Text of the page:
After you have kept track of how you spend your time, use the information from your one-week schedule to complete the Personal Time Survey.  This will give you an estimate of your current time use.  Follow the directions for each item in order to learn the total time spent on each activity in one week.  Make sure that you include everything you do in this time estimate.  After you calculate each item's weekly time, add all of the times in the right-hand column together for the grand subtotal.  Subtract the subtotal from 168 (the total number of hours in a week) to figure out how many hours you have per week that are currently available for study.


Study Hours Formula

To decide how many hours you need to study each week in order to get A's, use this rule of thumb:

Study two hours per credit hour for a lighter class, three hours per credit hour for an average class, and four hours per credit hour for a difficult class.

For example, suppose that you have a 3-credit class in a subject that is relatively easy for you and that does not require more than an average amount of homework.  Spending two hours of study time for each credit hour, for a total of 6 hours per week, would probably be more than adequate.  But a 3-credit class in a subject that is hard for you and that requires a lot of homework may need four hours of study time for each credit hour, or a total of 12 hours per week.  Considering your current classes, use the Study Hours Formula to determine the amount of time that you need for study.  Compare this to number at the bottom of your Personal Time Survey, which is the time you have available for study after everything else you do in a week.  If you're like most students, you will find yourself a bit stressed by the comparison.  To ease your anxiety, remember that it is not only the quantity of study time, but also the quality of study time that counts.  This formula is just a general guideline.  You might try following it for a week, making adjustments as needed.


College Student Time Assessment

Next, complete the College Student Time Assessment.  Using the information from your Weekly Schedule, your Personal Time Survey, and your Study Hours Formula, decide how you might allocate your time differently.  Are there some things on which you're spending too much time?  Too little time?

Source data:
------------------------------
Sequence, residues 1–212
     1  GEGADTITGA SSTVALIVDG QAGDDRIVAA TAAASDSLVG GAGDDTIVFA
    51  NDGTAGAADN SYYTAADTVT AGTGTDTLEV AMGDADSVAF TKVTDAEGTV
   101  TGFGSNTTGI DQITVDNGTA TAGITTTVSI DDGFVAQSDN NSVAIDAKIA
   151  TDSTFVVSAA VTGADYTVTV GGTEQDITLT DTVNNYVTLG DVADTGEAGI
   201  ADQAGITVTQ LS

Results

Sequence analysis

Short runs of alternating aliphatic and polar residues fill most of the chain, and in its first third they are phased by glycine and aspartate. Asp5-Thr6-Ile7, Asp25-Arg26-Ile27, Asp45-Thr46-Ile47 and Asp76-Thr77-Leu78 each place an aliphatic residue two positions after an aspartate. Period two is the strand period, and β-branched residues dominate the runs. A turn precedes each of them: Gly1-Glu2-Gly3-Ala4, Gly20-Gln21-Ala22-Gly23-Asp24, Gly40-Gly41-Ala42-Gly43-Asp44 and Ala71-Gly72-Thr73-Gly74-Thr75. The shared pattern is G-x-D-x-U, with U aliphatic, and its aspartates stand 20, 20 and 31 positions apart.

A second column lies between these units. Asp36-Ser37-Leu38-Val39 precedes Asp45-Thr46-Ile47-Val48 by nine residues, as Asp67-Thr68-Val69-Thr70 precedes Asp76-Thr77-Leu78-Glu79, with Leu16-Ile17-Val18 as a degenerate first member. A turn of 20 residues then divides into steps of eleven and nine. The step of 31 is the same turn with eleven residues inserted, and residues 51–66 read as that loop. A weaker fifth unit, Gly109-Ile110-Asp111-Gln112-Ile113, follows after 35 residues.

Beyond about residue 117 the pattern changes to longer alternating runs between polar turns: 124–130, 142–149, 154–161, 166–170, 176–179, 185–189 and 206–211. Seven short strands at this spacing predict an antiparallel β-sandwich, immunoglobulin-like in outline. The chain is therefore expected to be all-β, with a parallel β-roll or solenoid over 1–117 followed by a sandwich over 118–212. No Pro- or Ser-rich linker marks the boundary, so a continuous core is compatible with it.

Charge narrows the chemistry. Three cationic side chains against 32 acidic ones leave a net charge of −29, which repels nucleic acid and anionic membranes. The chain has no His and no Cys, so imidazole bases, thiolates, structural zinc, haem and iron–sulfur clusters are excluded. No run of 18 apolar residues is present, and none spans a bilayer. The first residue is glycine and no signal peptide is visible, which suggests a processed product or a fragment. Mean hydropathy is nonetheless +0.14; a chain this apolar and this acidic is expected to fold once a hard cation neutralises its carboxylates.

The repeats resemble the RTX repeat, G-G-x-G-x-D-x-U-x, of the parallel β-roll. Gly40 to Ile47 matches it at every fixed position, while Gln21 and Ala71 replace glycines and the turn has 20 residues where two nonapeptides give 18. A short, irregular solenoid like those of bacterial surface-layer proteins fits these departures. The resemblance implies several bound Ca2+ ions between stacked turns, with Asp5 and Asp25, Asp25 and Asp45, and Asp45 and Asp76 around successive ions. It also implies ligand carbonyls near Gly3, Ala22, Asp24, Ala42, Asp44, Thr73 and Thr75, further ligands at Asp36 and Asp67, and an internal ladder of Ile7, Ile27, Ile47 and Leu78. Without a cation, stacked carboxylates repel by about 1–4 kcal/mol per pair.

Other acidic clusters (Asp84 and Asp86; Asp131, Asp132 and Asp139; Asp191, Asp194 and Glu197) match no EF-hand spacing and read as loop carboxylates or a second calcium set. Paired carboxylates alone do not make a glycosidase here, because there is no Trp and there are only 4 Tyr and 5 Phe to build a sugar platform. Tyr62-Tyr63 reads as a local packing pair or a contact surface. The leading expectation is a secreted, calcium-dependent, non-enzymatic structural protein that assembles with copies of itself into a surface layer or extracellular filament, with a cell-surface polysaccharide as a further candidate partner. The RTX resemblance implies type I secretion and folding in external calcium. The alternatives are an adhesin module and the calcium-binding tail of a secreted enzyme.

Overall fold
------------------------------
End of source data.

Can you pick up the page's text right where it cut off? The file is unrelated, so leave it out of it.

Planning Your Schedule

Now you are ready to make adjustments in planning a new Weekly Schedule.  This becomes a plan for how you would like to spend your time more effectively.
There are a number of ways to keep track of your daily schedule, and you can choose whatever best fits your own personality and preferences.  Some people prefer appointment books or planners.  Others like a piece of poster board tacked to a wall.  Some people use 3"x5" cards.  Some keep their schedule in their phones.  There is no right or wrong way.  Whatever works for you is what is best for you.  Whatever you use, it is best to allow spaces for each hour, or if you have a really busy schedule, each half hour.  

In developing your schedule, first fill in all of the necessities: classes, work, meals, adequate sleep, etc.  Next block in your study time, using your completed Study Hours Formula.  Remember to schedule your study time when you feel energized!  Also it's best to review class notes soon after each class.  Make sure to schedule in breaks during your study time, about 10 minutes each hour.  Taking breaks increases your study efficiency.  

Develop a calendar to keep track of when major papers or projects are due.  You can see the "big picture" by using a semester calendar.  The key is to plan now and then follow the plan!

When registering for classes, be realistic about how many credits you can reasonably carry.  In order to succeed in your classes, it's necessary to have the time to study.  If you find that you don't have time to study and you're not spending too much time doing things such as socializing, watching TV or movies, or playing video games, you may want to consider taking a lighter load.

After scheduling becomes a habit, you can adjust your schedule.  It's better to be precise when you're first learning to live with a schedule.  It's easier to find something to do with extra time than to find extra time to do something.  Maybe you'll find that your schedule isn't working, or you may feel deprived if you're leaving out something that you would really like to be doing.  If it doesn't feel right, you may have left out some value, or maybe some need is not being met.  Most importantly, make your schedule work for you.  A time schedule that isn't personalized and honest isn't a time schedule at all.